The Washington Post

Colorado’s 51st state movement failed, but 43,900 people still wanted to secede

A welcome sign on display at the History Colorado Center in Denver. (Cyrus McCrimmon/Denver Post/AP)

Nearly 100,000 Colorado voters were asked on Tuesday whether they wanted to secede from their state and nearly half said yes.

That question was posed to voters in 11 rural Colorado counties, with 96,993 voters having weighed in, according to official results compiled by The Denver Post. Five counties voted for secession — and to create the 51st state — while six said no thanks.

The movement ramped up over the summer as local officials in the rural counties began sharing their frustrations with the state legislature’s passage of firearm restrictions, oil and gas regulations, and renewable energy mandates.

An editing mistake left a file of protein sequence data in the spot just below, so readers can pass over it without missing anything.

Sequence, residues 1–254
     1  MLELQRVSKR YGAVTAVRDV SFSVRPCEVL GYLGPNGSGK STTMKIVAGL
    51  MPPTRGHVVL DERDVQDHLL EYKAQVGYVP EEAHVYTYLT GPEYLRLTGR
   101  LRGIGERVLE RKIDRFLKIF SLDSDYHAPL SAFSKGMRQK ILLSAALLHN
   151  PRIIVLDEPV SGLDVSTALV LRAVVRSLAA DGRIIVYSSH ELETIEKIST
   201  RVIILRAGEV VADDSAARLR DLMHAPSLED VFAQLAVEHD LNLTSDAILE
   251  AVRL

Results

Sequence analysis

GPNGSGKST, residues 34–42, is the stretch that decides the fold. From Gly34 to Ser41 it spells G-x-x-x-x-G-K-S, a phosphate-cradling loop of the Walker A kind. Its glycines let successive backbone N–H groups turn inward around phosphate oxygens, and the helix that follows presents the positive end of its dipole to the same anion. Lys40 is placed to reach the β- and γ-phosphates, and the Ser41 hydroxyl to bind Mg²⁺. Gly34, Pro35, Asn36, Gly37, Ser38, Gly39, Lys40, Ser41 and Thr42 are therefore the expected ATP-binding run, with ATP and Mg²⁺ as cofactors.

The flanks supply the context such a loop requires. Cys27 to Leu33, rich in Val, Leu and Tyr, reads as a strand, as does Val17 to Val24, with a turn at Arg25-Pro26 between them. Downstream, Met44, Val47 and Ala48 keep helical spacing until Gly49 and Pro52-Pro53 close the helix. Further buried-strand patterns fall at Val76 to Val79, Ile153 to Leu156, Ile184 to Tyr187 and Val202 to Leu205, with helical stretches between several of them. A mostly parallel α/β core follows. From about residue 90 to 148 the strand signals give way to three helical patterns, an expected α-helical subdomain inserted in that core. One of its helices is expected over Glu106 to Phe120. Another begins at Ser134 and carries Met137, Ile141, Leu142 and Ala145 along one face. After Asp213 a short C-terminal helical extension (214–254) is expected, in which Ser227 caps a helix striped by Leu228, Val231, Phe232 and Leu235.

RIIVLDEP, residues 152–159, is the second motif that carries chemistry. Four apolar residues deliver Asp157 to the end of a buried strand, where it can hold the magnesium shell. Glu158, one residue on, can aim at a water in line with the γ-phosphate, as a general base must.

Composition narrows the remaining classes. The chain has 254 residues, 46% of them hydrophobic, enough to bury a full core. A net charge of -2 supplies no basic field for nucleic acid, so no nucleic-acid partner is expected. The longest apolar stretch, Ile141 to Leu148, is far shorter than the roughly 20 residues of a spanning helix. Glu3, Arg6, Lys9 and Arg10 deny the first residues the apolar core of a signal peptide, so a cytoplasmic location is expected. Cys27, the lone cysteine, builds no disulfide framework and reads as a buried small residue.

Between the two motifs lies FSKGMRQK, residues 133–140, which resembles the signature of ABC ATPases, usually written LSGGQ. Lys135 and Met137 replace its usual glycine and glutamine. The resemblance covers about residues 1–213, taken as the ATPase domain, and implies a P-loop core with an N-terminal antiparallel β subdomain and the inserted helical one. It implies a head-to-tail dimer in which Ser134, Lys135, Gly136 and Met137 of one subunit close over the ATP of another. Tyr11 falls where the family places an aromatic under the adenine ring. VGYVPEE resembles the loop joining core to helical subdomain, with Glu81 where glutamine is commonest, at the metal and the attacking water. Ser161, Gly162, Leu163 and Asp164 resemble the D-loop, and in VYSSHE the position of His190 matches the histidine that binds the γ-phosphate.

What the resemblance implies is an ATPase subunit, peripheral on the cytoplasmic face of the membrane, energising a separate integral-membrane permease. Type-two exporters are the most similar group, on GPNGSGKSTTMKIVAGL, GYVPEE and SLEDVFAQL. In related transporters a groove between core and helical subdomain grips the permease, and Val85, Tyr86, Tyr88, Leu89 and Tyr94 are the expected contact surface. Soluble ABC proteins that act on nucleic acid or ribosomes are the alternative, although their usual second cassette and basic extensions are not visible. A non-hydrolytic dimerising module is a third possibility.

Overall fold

“At the end of the day what people in a lot of the counties, particularly my county, tell me was ‘we recognize the problem, we think it is a problem, we need to find solutions to the problem.’ But this is not one solution that they think we should pursue,” said Commissioner Sean Conway of the Weld County Board. The measure in his county failed in a 56.3 percent to 43.6 percent vote.

Overall, 43,900 people supported secession, while 53,093 opposed it, translating roughly to a 45 percent to 55 percent vote.

While voters may have turned down the idea of seceding, Tuesday’s vote showed state legislators that they have to address the concerns of rural communities, Conway says.

Niraj Chokshi is a general assignment reporter for The Washington Post.

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